Assertion, unsupported by fact, is nugatory. Surmise and general abuse, in however elegant language, ought not to pass for truth. Junius


The Smoking Gun on Torture?

The American Civil Liberties Union today issued a press release on two as-yet unseen documents related to the CIA's practice of extraordinary rendition --- the practice of detaining and "interrogating" prisoners in third countries. These two documents, thus far embargoed, apparently authorized the CIA to engage in this practice, which has been internationally condemned and has caused political headaches in several European capitals. According to the ACLU, the directive was issued right from the top:
The two documents in question are a directive signed by President Bush granting the CIA the authority to set up detention facilities outside the United States and outlining interrogation methods that may be used against detainees, and a Justice Department legal analysis specifying interrogation methods that the CIA may use against top Al-Qaeda members.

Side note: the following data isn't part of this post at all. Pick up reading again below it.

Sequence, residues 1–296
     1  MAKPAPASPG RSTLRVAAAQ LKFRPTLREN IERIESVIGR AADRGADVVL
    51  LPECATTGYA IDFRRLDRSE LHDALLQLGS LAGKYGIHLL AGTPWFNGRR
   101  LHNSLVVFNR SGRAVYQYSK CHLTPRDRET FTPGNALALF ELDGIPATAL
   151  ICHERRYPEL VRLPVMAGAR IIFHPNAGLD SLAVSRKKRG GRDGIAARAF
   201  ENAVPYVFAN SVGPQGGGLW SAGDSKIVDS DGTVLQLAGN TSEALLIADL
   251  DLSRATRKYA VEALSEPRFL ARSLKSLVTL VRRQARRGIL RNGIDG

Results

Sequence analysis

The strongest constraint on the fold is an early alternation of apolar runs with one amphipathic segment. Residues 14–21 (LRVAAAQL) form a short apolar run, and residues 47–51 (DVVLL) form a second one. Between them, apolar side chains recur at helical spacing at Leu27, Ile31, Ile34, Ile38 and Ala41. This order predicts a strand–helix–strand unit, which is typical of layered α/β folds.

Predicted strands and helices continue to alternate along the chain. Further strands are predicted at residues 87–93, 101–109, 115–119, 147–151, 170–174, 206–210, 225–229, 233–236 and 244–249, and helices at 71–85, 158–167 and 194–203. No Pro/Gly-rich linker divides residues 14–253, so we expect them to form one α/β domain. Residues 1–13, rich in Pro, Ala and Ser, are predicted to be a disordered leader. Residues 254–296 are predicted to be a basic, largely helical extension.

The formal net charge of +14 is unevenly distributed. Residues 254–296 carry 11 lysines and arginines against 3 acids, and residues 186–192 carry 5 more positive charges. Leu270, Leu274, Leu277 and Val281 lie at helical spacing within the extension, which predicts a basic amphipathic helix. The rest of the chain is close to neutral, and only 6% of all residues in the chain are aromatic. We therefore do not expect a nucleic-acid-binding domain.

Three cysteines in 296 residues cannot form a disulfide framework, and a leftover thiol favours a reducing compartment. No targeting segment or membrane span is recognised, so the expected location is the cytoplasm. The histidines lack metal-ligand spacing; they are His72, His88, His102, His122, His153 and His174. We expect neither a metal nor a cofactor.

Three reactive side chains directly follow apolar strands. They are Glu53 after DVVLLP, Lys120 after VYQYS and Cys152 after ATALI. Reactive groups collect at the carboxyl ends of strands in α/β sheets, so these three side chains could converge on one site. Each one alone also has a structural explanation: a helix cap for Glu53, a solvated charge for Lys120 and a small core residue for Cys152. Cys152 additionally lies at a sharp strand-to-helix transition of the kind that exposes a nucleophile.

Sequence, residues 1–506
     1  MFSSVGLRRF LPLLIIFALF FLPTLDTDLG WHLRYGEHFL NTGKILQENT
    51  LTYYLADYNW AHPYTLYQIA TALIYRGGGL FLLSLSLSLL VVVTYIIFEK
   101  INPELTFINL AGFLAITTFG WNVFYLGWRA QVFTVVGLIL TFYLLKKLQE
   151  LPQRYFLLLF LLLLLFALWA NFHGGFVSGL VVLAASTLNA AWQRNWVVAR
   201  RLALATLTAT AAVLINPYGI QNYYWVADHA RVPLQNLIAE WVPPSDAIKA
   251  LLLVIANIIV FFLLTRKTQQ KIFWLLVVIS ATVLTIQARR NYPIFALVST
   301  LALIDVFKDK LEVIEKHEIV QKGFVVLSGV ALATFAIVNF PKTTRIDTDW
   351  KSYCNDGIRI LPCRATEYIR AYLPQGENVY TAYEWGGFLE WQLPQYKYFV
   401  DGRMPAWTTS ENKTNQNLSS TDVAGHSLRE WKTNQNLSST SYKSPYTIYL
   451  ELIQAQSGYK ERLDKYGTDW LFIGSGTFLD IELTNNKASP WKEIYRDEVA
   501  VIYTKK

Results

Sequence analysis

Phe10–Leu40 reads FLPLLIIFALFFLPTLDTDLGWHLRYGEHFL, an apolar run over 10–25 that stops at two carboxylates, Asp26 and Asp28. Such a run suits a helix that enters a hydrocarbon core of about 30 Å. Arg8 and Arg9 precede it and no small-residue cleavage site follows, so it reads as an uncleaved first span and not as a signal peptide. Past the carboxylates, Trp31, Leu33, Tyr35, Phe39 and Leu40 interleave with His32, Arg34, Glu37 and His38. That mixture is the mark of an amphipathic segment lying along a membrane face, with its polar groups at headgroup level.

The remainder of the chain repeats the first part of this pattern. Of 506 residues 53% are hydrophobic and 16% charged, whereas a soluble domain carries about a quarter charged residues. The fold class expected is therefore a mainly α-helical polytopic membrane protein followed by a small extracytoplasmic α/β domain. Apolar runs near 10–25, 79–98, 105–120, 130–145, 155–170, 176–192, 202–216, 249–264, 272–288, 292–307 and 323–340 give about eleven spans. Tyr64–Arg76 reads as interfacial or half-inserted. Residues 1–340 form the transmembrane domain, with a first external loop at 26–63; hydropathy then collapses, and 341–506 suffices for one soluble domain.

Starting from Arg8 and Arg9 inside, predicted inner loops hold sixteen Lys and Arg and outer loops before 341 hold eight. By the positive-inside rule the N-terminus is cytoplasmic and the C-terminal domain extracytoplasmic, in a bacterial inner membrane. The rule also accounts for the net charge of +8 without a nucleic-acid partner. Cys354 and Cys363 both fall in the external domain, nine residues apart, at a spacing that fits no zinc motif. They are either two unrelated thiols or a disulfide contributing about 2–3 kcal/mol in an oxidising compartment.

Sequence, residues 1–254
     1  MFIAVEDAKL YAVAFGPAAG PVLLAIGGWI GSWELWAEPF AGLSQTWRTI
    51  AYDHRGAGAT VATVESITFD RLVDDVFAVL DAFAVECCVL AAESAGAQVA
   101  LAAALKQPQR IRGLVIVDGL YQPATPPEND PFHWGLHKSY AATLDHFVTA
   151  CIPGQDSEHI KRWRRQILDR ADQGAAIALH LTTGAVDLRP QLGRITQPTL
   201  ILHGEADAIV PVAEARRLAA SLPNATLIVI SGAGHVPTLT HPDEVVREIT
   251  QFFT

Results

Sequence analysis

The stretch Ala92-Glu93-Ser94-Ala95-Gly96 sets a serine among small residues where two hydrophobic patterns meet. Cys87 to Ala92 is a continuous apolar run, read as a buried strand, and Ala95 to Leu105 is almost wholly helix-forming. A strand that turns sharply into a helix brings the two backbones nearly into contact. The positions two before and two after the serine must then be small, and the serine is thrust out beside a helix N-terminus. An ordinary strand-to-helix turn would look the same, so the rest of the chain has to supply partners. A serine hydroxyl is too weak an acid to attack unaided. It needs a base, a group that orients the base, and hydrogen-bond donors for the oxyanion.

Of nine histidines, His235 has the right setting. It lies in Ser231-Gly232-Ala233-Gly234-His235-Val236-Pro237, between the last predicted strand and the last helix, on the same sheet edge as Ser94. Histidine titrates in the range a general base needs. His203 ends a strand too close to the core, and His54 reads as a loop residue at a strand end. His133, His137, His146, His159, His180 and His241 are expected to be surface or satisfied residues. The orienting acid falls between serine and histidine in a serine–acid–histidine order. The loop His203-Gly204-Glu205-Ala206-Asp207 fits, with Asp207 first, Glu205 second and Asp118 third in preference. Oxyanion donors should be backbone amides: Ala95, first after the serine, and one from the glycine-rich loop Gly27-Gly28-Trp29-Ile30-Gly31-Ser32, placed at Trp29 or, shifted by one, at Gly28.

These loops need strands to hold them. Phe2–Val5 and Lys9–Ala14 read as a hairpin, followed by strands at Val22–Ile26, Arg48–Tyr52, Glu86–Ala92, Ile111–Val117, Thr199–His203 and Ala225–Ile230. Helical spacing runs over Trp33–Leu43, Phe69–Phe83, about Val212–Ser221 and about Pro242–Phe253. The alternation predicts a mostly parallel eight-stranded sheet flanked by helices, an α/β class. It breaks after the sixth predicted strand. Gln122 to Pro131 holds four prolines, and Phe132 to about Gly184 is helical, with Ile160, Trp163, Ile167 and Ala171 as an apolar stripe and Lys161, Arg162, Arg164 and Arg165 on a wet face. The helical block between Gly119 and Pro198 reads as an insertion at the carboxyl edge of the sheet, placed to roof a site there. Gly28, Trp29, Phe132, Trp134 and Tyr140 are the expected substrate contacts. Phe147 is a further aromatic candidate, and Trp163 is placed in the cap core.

In legal papers previously filed before the court, the CIA claimed that national security would be gravely injured if the CIA were compelled to admit or deny even an "interest" in interrogating detainees. But in a letter to the ACLU dated November 10, the CIA reversed course and acknowledged that the Justice Department memorandum and presidential directive exist. The CIA continues to withhold the documents.
A smoking gun? Maybe. Interesting that in an apparently unrelated move, the new U.S. Senate will open investigations on extraodinary rendition. The new chair of the Senate Armed Forces Committee, Carl Levin, has indicated that he's "not comfortable" with current CIA practice. Said Senator Levin: "I think that there's been some significant abuses which have not made us more secure but have made us less secure and have also, perhaps, cost us some real allies, as well as not producing useful information. So I think the system needs a thorough review and, as the military would say, a thorough scrubbing."

Clearly these two documents will play a prominent role in any proceedings. The bipartisan honeymoon --- such as it was --- between the newly elected Democrats and the Bush administration is clearly over, barely a week after the election.

Update: Great minds blog alike. Liberal Catnip posted on the very same subject at the exact same time; her take is well worth reading.


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